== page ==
Suitability of laser stimulated TLD arrays as patient dose monitors in high dose x-ray imaging

R. A. Geise, B. A. Schueler, W. Lien, S. C. Jones

Research output: Contribution to journalArticlepeer-review

14 Scopus citations


Skin entrance doses of patients undergoing interventional x-ray procedures are capable of causing skin damage and should be monitored routinely. Single TLD chips am not suitable because the location of maximum skin exposure cannot be predicted. Most photographic films are too sensitive at diagnostic x-ray energies for dosimetry, exhibit temporal changes in response, and require special packaging by the user. We have investigated the suitability of laser heated MgB4O7 TLDs in a polyimide binder in the range of 0.2-20 Gy. These are available in radioluscent arrays up to 30 x 30 cm for direct measurement of patient skin dose. Dose response was compared with a calibrated ion chamber dosimeter. Exposures were made at 60, 90, and 120 kVp, at low (fluoroscopy) and high (DSA) dose rates, and at different beam incidence angles. Longitudinal reproducibility and response to temperature changes during exposure were also checked. The dose response is linear below approximately 6 Gy where the slope starts to increase 2% per Gy. Errors were less than ±2% over a 0-80 degree range of beam incidence angles; less than ±3% for both dose rate variations and kVp differences between 70 and 120 kVp. The response was unaffected by temperature changes between 20 and 37 °C. Reproducibility is currently ±7%. MgB4O7 TLD arrays are suitable for patient dosimetry in high dose fluoroscopy procedures if appropriate calibrations are used. Uncertainty in skin dose measurement is less than 10%, which is substantially better than film dosimetry.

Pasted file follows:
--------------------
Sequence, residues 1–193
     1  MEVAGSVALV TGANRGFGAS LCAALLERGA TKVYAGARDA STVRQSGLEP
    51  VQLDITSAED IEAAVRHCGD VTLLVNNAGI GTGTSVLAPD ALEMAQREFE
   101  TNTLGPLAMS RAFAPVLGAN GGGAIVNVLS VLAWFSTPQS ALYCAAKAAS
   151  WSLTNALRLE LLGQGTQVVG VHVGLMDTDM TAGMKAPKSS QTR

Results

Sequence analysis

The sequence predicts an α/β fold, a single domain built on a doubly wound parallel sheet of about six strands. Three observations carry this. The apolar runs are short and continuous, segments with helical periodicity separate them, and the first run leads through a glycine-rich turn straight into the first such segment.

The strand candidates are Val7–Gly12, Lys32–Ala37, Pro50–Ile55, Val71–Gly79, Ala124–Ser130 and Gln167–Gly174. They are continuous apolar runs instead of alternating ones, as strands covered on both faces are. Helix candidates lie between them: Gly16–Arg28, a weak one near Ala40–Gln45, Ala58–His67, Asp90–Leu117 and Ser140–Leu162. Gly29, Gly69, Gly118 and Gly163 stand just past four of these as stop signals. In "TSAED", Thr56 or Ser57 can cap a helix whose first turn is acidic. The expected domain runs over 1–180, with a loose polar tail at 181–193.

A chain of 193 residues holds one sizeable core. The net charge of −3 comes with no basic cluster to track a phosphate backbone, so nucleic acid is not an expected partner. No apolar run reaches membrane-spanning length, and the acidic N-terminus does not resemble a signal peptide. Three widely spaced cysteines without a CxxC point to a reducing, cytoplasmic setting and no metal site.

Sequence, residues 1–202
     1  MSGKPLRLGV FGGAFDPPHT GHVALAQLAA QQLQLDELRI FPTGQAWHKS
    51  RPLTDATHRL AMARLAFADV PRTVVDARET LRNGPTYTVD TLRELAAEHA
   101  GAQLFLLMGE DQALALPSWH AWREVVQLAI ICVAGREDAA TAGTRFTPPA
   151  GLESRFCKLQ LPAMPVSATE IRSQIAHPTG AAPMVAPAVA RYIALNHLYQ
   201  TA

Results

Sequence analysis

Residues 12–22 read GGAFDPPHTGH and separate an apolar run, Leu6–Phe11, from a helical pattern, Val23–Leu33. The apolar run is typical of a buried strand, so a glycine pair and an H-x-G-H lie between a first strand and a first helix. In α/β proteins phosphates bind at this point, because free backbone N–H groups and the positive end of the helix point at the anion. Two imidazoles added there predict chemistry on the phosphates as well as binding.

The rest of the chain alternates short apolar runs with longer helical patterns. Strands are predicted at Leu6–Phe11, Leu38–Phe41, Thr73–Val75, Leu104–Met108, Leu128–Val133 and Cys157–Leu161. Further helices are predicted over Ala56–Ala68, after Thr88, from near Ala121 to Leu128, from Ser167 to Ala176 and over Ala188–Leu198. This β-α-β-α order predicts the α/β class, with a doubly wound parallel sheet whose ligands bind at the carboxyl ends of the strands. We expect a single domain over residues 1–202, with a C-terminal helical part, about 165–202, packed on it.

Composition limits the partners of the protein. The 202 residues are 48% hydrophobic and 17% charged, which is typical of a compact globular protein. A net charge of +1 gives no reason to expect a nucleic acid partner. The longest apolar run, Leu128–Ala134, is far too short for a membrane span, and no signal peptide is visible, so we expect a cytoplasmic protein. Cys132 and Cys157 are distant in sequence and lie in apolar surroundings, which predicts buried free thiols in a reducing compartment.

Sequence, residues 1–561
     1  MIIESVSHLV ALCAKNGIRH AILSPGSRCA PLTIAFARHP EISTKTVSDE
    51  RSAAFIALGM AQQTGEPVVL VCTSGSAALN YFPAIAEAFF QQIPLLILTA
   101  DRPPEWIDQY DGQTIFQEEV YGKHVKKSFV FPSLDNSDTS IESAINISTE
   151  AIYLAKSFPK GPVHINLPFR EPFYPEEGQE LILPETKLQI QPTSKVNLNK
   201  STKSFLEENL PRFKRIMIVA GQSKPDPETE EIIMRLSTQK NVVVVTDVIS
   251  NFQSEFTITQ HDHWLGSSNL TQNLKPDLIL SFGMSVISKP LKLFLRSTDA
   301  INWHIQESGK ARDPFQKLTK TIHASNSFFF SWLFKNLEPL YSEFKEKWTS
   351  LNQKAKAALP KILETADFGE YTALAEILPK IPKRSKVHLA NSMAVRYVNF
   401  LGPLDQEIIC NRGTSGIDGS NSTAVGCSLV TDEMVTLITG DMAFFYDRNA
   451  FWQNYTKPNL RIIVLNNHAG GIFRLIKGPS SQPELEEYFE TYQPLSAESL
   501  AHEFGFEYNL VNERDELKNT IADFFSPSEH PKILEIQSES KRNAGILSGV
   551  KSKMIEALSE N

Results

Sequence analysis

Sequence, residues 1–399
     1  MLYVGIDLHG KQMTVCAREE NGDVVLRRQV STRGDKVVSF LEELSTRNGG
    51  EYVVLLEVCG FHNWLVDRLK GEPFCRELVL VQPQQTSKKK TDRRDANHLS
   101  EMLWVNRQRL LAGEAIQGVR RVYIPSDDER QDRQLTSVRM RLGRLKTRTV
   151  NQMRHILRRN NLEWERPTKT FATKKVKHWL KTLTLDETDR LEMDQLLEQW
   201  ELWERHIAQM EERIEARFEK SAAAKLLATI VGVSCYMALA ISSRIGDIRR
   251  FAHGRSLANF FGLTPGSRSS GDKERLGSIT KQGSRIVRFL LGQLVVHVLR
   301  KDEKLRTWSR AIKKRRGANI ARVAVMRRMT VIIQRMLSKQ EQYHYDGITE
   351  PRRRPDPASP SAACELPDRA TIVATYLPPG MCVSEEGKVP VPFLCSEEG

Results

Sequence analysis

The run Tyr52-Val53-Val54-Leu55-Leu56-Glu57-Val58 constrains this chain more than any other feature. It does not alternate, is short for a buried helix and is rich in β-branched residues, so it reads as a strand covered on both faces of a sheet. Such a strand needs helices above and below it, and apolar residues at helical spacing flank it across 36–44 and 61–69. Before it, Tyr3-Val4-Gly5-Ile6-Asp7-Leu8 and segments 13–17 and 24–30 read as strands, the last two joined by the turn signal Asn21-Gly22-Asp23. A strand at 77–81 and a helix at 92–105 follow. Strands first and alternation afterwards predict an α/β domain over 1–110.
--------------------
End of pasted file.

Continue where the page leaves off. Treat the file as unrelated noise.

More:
Original languageEnglish (US)
Pages (from-to)1643-1646
Number of pages4
JournalMedical physics
Issue number10
StatePublished - Oct 1997


  • Angiography
  • Dosimetry
  • Interventional radiology
  • Skin dose
  • Thermoluminescence

ASJC Scopus subject areas

  • Biophysics
  • Radiology Nuclear Medicine and imaging


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